Edmonton Oilers forward Evander Kane has been suspended one game for boarding Colorado Avalanche forward Nazem Kadri.
Kane delivered a push to Kadri’s lower back that caused him to fall dangerously into the boards early in Game 3 of the Western Conference Finals, causing an injury that may keep Kadri sidelined for the remainder of the playoffs.
Kane received a major penalty for boarding on the play, which was confirmed after video review by referees Wes McCauley and Eric Furlatt. Had there been an injury to the head or face on the play, a mandatory game misconduct would have also been handed out. From Rule 41:
A boarding penalty shall be imposed on any player who checks or pushes a defenseless opponent in such a manner that causes the opponent to hit or impact the boards violently or dangerously. The severity of the penalty, based upon the impact with the boards, shall be at the discretion of the Referee.
There is an enormous amount of judgment involved in the application of this rule by the Referees. The onus is on the player applying the check to ensure his opponent is not in a defenseless position and if so, he must avoid or minimize contact. However, in determining whether such contact could have been avoided, the circumstances of the check, including whether the opponent put himself in a vulnerable position immediately prior to or simultaneously with the check or whether the check was unavoidable can be considered. This balance must be considered by the Referees when applying this rule.
The Referee, at his discretion, may assess a major penalty, based on the degree of violence of the impact with the boards, to a player guilty of boarding an opponent. When a major penalty is imposed under this rule for a foul resulting in an injury to the face or head of an opponent, a game misconduct shall be imposed.
Kadri headed off for medical attention, which was later reported to be a broken right thumb.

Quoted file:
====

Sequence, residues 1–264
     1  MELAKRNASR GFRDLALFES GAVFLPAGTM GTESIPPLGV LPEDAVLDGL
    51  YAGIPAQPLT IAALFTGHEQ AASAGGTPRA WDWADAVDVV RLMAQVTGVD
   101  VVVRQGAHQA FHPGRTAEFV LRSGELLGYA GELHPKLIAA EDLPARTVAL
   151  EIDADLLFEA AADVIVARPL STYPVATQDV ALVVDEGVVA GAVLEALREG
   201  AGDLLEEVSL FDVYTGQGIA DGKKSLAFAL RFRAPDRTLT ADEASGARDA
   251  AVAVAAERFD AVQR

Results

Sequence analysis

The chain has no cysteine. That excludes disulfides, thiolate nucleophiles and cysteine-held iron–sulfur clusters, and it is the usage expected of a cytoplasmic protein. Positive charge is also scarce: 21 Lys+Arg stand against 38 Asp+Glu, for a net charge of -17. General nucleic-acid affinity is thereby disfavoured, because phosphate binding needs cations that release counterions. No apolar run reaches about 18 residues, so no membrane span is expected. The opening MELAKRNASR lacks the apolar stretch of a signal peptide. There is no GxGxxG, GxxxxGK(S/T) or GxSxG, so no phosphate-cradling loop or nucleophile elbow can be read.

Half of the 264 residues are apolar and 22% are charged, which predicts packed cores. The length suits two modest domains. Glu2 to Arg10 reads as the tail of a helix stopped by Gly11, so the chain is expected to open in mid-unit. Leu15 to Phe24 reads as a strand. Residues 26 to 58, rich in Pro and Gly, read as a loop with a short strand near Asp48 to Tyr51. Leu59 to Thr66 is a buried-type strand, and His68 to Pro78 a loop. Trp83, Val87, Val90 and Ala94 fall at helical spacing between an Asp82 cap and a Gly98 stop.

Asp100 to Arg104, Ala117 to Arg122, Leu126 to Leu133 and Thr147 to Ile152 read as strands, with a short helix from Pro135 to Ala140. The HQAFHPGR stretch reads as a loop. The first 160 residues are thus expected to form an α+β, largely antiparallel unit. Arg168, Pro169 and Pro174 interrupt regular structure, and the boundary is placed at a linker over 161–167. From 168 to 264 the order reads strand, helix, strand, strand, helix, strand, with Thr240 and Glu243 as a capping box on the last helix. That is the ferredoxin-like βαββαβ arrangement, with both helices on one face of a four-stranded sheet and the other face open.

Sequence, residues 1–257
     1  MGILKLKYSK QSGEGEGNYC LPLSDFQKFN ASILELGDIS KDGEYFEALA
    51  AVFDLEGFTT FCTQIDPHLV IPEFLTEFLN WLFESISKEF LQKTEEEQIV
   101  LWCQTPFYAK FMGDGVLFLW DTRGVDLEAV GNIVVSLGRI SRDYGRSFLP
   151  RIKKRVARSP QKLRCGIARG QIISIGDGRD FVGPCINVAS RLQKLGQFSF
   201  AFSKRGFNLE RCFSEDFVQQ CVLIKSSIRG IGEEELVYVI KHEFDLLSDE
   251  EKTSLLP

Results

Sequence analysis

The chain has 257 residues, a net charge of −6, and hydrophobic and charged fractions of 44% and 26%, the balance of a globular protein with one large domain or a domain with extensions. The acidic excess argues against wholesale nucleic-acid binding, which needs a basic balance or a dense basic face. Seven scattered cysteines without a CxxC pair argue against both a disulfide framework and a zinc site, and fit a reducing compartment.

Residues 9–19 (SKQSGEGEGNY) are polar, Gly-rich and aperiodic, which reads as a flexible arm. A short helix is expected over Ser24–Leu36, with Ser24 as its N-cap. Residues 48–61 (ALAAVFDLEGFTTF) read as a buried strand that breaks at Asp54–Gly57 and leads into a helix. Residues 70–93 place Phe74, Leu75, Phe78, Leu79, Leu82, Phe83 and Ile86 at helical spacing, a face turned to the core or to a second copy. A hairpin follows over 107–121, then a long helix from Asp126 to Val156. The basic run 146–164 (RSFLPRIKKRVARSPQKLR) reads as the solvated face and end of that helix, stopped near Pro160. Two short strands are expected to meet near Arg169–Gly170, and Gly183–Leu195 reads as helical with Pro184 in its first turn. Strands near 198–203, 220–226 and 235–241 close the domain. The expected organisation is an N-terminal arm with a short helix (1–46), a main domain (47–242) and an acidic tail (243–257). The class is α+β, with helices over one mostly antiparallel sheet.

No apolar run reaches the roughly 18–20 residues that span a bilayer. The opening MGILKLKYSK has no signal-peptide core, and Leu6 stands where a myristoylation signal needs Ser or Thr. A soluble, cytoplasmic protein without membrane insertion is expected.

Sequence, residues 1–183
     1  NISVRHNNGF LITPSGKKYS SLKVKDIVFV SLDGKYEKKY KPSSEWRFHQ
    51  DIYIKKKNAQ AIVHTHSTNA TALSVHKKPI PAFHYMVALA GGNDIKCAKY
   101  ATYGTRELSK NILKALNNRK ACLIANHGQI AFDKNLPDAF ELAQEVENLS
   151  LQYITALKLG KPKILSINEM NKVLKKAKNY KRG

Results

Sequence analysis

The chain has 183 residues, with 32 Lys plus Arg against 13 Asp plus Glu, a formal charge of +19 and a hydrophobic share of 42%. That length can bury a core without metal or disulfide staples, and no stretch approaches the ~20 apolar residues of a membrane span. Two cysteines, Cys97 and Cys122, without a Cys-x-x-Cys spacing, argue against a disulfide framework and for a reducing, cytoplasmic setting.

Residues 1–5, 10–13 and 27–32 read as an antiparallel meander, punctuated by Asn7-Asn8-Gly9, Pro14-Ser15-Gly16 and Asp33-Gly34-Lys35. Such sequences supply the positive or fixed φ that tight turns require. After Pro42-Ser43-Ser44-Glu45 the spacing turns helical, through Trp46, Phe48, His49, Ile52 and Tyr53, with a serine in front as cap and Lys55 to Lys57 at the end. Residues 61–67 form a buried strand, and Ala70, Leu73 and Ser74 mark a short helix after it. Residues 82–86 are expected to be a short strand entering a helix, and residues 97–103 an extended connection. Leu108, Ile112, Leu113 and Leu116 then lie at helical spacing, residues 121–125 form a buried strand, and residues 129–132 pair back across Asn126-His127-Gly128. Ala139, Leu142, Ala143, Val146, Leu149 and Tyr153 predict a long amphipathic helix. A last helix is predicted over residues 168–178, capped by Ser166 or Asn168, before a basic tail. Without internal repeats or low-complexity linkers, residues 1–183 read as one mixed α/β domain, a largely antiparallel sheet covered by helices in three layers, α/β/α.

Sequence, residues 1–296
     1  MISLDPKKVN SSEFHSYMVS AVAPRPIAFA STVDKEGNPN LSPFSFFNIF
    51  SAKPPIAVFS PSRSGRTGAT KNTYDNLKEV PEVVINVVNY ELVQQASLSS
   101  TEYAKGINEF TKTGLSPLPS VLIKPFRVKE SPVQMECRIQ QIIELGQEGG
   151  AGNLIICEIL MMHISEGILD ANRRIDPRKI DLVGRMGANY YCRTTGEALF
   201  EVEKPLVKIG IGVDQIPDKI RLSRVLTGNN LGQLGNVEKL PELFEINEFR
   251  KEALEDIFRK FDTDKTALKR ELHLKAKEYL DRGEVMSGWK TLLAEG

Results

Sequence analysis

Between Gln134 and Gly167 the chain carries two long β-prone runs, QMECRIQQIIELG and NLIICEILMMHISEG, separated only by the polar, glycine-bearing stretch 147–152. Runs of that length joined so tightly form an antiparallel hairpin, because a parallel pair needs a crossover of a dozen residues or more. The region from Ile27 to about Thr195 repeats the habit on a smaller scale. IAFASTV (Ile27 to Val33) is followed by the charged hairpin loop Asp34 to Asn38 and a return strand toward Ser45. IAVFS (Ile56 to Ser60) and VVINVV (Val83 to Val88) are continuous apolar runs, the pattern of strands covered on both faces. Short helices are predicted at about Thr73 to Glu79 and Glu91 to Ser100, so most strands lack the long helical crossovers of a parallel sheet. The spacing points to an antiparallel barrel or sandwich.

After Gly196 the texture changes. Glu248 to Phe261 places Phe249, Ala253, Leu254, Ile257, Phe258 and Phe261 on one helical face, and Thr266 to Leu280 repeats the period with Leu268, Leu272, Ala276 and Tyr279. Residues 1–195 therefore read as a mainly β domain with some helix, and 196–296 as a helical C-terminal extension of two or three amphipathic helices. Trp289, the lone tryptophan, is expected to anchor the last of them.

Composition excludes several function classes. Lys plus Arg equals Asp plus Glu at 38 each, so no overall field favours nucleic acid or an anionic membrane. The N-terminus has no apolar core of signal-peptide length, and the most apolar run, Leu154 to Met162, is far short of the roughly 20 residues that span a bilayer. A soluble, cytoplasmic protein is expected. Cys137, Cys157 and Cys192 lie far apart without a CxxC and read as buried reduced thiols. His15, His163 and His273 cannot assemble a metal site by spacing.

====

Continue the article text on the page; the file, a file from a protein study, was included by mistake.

“The puck went wide, dribbled into the corner and I know [Kadri] likes to reverse hit,” said Kane of the play. “I was just trying to get up on him and that’s really all I did. Unfortunately, he went into the boards awkwardly and hurt his hand, and that was unfortunate.”
Here’s the NHL’s ruling:
The Avalanche enter the zone on the rush with Kane back checking through center. The puck is bucket sent through the slot where it bounces off Kadri’s stick and into the corner. Kadri and Kane approach the loose puck with speed. As they approach the corner, Kadri moves in front of Kane in order to establish body position between Kane and the puck. In response and before either player can touch the puck, Kane raises his stick and delivers a shove to the back of Kadri, driving him into the boards with force and causing an injury. This is boarding.
It is important to note that this is not a scenario in which Kadri puts himself in a vulnerable position immediately prior to the hit in a way that turns a legal check into an illegal one. While we acknowledge that Kadri positions himself in front of Kane in order to shield the puck, this action is not a sudden or sharp movement that changes the nature of Kane’s hit in a way that he cannot control. And while we acknowledge Kane’s argument that Kadri loses his footing as he approaches the boards, we believe that this is a direct result of the shove and is not an unavoidable occurrence that causes an unfortunate accident. This shove is delivered at a dangerous distance from the boards while the two players are traveling at speed and causes an injury.
The NHL has Kane as having been suspended three times, but that total only includes Department of Player Safety decisions. We’ve got him for six.
This is Kane’s sixth suspension, with his most recent prior a 21-game ban for violating league COVID protocols. His previous offenses were a bit more physical. Kane sat for two games for boarding in 2014, one playoff game for an illegal check in 2019, three games for abuse of officials in 2019, and three games for elbowing in 2020. He was also suspended one game by the Buffalo Sabres for violating team rules.
Kane has also been fined twice, but, I mean, money problems… right?